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"The Efficacy of 'Radioguided Occult Lesion Localization' (ROLL) Versus 'Wire-guided Localization' (WGL) in Breast Conserving Surgery for Non-palpable Breast Cancer: a Randomized Clinical Trial"

This study has been completed.
Sponsor:
Information provided by (Responsible Party):
R. van Hillegersberg, UMC Utrecht
ClinicalTrials.gov Identifier:
NCT00539474
First received: October 3, 2007
Last updated: December 22, 2011
Last verified: December 2011

October 3, 2007
December 22, 2011
January 2008
June 2010   (final data collection date for primary outcome measure)
Radicality, oncologic outcome [ Time Frame: 3 years ] [ Designated as safety issue: No ]
Histopathologic assessment of the resected specimens
Complete list of historical versions of study NCT00539474 on ClinicalTrials.gov Archive Site
Doctors questionnaires Patients questionnaire cost-effectiveness analysis [ Time Frame: 24 weeks ] [ Designated as safety issue: No ]
Doctors questionnaires Patients questionnaire cost-effectiveness analysis
Not Provided
Not Provided
 
"The Efficacy of 'Radioguided Occult Lesion Localization' (ROLL) Versus 'Wire-guided Localization' (WGL) in Breast Conserving Surgery for Non-palpable Breast Cancer: a Randomized Clinical Trial"
"The Efficacy of 'Radioguided Occult Lesion Localization' (ROLL) Versus 'Wire-guided Localization' (WGL) in Breast Conserving Surgery for Non-palpable Breast Cancer: a Randomized Clinical Trial"

Rationale:

Approximately 25% of breast cancers detected are non palpable. Accordingly, a localization technique is required to help the surgeon to find and remove the cancer. The current technique (wire guided localization [WGL]) is difficult to perform and has a high rate of tumour positive margins in the resected specimen, requiring a second operation. A new approach in the localization and resection of non-palpable malignant breast lesions is 'radio guided occult lesion localization' (ROLL). ROLL was introduced as a possible replacement for WGL at the `European Institute of Oncology' in Milan in 1996. This technique utilizes the intratumourally injected radiotracer, that is generally used for the lymphatic mapping and SNB, to localize the primary tumour guided by the gamma probe. Five studies so far have proven the applicability of this method.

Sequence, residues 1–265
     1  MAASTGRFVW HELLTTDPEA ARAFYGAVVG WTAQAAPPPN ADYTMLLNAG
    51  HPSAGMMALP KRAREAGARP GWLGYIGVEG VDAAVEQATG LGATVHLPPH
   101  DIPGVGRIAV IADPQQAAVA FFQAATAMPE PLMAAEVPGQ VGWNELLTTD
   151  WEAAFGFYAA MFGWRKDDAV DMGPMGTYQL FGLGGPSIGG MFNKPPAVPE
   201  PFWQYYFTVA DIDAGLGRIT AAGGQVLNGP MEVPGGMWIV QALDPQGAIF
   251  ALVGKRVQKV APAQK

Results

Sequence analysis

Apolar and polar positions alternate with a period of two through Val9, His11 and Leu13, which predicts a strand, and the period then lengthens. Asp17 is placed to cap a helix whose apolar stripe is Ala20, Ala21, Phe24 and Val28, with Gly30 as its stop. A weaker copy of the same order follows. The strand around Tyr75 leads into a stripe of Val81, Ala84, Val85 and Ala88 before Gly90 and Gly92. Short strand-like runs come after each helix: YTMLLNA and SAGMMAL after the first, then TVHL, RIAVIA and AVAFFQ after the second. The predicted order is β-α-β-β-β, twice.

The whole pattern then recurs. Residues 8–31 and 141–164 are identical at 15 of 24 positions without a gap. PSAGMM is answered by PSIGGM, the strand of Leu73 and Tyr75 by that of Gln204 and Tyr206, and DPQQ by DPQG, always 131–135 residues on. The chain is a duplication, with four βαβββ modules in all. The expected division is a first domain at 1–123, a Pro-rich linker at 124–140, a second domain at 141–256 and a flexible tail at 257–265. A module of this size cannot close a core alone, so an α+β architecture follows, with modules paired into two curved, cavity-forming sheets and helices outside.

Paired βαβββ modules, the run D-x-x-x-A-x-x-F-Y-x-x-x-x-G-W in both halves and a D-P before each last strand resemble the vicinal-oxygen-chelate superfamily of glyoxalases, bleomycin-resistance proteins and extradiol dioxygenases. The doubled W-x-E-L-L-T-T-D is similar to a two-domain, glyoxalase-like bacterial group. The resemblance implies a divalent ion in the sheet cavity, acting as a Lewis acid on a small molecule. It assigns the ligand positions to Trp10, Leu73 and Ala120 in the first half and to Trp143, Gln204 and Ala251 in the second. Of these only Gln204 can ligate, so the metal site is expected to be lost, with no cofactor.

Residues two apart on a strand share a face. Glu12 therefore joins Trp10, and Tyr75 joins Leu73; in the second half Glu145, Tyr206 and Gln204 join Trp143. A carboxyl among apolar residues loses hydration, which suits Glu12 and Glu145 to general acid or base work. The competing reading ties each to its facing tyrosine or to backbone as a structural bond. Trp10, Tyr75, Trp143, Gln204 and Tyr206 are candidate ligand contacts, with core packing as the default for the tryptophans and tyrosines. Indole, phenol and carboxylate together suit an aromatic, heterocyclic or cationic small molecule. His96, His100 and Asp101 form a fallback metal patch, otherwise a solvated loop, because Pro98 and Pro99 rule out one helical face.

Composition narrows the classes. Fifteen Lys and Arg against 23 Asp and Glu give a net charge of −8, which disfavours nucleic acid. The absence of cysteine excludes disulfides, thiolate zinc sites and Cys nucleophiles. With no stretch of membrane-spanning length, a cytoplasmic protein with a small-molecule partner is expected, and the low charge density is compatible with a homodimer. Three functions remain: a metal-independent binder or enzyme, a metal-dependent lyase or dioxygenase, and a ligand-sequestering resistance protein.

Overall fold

Objective:

To evaluate the efficacy of Radio Occult Lesion Localisation (ROLL) versus Wire guided Localisation (WGL) in breast conserving surgery for non-palpable breast cancer

Study design:

A multicenter, prospective randomized clinical trial. Patients with proven non-palpable breast cancer will be randomized for either ROLL or WGL.

Study population:

316 women with a core biopsy proven non palpable cT1 breast carcinoma that are eligible for a breast conserving treatment and sentinel node biopsy (SNB).

Intervention (if applicable):

Patients in the WGL group will undergo intra tumoural injection of a nuclear radiotracer under stereotactic or ultrasonographic guidance. After scintigraphic imaging, to monitor the migration of the radiotracer, a guide wire will be inserted under stereotactic or ultrasonographic guidance. The excision of the primary tumour is guided by the inserted wire and the sentinel node procedure is performed using a gamma probe and intratumoural injection of patent blue.